Blog: DNA testing goes popular (and daytime)
In this clip from his late night TV show on the 6 October, the comedian Stephen Colbert look at the rapidly expanding market for direct-to-consumer genetic testing (DTCGT). Colbert points out how direct to consumer genetic testing is ‘big business’, expected to be worth $340million by 2022. The size of the business, and the huge expansion in commercial offer since the FDA relaxed rules on communication in early 2017, makes it worthy of investigation in popular culture and also of satire. However, what Colbert focuses on – and the way his jokes work – reveal also a set of assumptions about genetic knowledge and the commodification of biodata.
Colbert mentions the big players – 23andme, Ancestry.com, and their services in sequencing genetic code for leisure purposes. He goes onto make some jokes about the precision claimed by smaller companies that claim – for instance – to be able to select wine for particular palates dependent on genetic make up, a company that claims to help improve children’s sporting performance, or a dating company that matches according to genetic compatability. Colbert begins the section by discussing his own Irish heritage and makes various asides about his inability to do things because of his genes (‘I don’t have the Math gene’). In minutes Colbert discusses issues – in a mocking tone – that are incredibly important in the public consideration of consumer genetic testing. Whilst he dismisses as ‘bullshit’ the wine-gene company, he himself is participating in a very unsubtle version of popular genetics (genes = race, or = ability, or = identity, and are relatively easily comprehendible and understandable). Indeed his dismissal of the company’s commercial offers is funny only because it presumes with the audience a shared level of education and understanding about genetic science. Obviously to Colbert and his audience these companies are quacks and mountebanks, worthy of mockery. Or rather, and more bleakly, the situation in which we find ourselves – the profound wonder of the genome being reduced to commodity, something to be sold, advertised about, personalised – lays bare the terrific will-to-profit of late-stage capitalism.
The discussion becomes more nuanced after a discussion of the Baltimore Ravens story. Colbert advises: ‘apparently turning your entire genetic code over to faceless corporations might have a downside’. He raises privacy concerns, issues about ethics, and issues about corporations and companies looking for genetic information about their employees.
He finishes with a discussion of race and genetics: ‘There is one group that loves DNA testing, and that’s racists’. As has been widely reported, white nationalists are using DNA tests but finding the results not quite what they had looked for. The problem is that these tests can provide genetic make-ups that include complex ethnicities. The well-known supremacist leader Craig Cobb, for instance, was revealed to have DNA seemingly matched to sub-Saharan Africa on an episode of Trisha in 2013 and has been attacked by his former friends ever since.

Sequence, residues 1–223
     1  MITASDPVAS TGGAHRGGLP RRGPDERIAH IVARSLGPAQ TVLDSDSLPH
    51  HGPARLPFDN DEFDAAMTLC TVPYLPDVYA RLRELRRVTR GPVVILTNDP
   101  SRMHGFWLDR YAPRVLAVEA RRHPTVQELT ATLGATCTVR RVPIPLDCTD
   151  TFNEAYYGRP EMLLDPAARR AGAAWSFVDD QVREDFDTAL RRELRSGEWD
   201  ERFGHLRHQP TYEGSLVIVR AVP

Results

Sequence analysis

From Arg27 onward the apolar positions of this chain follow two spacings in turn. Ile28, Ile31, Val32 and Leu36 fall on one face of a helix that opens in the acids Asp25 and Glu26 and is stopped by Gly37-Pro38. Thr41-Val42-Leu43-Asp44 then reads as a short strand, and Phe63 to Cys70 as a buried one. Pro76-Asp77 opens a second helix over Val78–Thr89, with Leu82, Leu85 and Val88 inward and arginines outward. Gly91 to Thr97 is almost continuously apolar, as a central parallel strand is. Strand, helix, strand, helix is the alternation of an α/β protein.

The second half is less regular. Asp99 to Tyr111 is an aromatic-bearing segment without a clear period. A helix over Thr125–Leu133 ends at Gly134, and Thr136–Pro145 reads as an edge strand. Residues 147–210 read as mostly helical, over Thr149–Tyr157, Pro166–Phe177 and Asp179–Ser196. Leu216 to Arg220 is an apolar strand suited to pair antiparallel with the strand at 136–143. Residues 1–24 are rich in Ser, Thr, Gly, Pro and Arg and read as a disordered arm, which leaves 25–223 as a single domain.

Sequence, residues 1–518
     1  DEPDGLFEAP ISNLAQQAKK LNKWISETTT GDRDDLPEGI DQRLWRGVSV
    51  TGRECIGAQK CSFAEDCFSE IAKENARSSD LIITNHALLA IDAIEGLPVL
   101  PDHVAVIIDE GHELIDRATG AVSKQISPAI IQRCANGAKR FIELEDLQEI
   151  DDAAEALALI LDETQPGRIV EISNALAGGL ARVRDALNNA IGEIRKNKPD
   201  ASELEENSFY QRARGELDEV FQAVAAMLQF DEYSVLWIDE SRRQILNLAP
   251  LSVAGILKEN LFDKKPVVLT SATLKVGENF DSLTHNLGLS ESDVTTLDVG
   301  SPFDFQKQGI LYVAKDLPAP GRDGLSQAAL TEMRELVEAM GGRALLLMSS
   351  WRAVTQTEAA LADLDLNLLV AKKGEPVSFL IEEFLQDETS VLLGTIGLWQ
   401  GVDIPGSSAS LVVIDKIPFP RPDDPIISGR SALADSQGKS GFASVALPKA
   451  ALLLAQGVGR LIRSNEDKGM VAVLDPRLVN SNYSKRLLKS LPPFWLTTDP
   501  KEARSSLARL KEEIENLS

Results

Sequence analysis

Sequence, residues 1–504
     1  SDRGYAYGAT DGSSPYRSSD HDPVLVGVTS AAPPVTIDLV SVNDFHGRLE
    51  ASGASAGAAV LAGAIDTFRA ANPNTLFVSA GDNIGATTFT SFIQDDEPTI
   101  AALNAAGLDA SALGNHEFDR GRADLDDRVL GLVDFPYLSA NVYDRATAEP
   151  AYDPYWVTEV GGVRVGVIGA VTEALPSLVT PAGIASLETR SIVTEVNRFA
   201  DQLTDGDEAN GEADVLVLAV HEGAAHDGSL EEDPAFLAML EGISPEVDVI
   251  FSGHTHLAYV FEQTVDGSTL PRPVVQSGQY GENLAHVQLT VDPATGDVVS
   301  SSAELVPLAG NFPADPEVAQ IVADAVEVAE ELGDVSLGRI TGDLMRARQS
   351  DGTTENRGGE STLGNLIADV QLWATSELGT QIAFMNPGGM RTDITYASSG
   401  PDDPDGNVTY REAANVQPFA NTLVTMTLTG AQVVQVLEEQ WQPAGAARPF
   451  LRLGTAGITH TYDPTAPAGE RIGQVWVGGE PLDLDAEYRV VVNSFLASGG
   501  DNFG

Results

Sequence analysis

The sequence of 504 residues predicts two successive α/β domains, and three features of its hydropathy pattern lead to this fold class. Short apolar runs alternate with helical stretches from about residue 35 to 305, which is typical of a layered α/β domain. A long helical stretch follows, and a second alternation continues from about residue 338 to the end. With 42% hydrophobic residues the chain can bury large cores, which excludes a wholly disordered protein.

Colbert mock-sympathises: ‘I get it guys, you pay all this money for a genetic test and then it upends your whole world view’. However the point is a much more profound one than this allows for. Colbert’s jokes point out how DNA testing might have an incredible effect on the user, and challenge their way of thinking and defining themselves. They are both pointless – the science is unclear, the information wrong and misinterpreted – but also something that might change the way the user thinks about themselves. Yet the clip also cleaves to a particular interpretation of the data. These tests claim to reveal that users have non-white DNA in their genetic make-up. The joke is that something unfixed (in this instance, race) is becoming scientifically fixed – but not in the ‘right’ way for the user. However the conclusion is the same – ethnic characteristics described by DNA tests are ‘real’, indeed more ‘real’ than contemporary self-evaluations of identity. The authority being apportioned to the test is the joke here, as idiot white supremacists are shown to be stupid because ‘science’ defines them in a way they cannot or will not recognise. The authority of the test is paramount here (or, in a more generous reading, the user’s impression of this authority).
Another aspect happened on this month as popular DNA testing goes Daytime (well, morning) TV. Piers Morgan and Susanna Reid took a DNA test on Good Morning Britain (October 17th). Similarly they showed a clear engagement with the ‘truth’ of the test and its ability to communicate their ethnic background – in Morgan’s case, that he had no ‘English’ DNA (only Irish, Scottish, and general Celtic), and that he also had some ‘Middle Eastern’ ethnicity (which he defined as ‘Arab’). The clip shows once again the increasing profile of these tests but also the ways that they are misinterpreted and the large problems of communication that arise.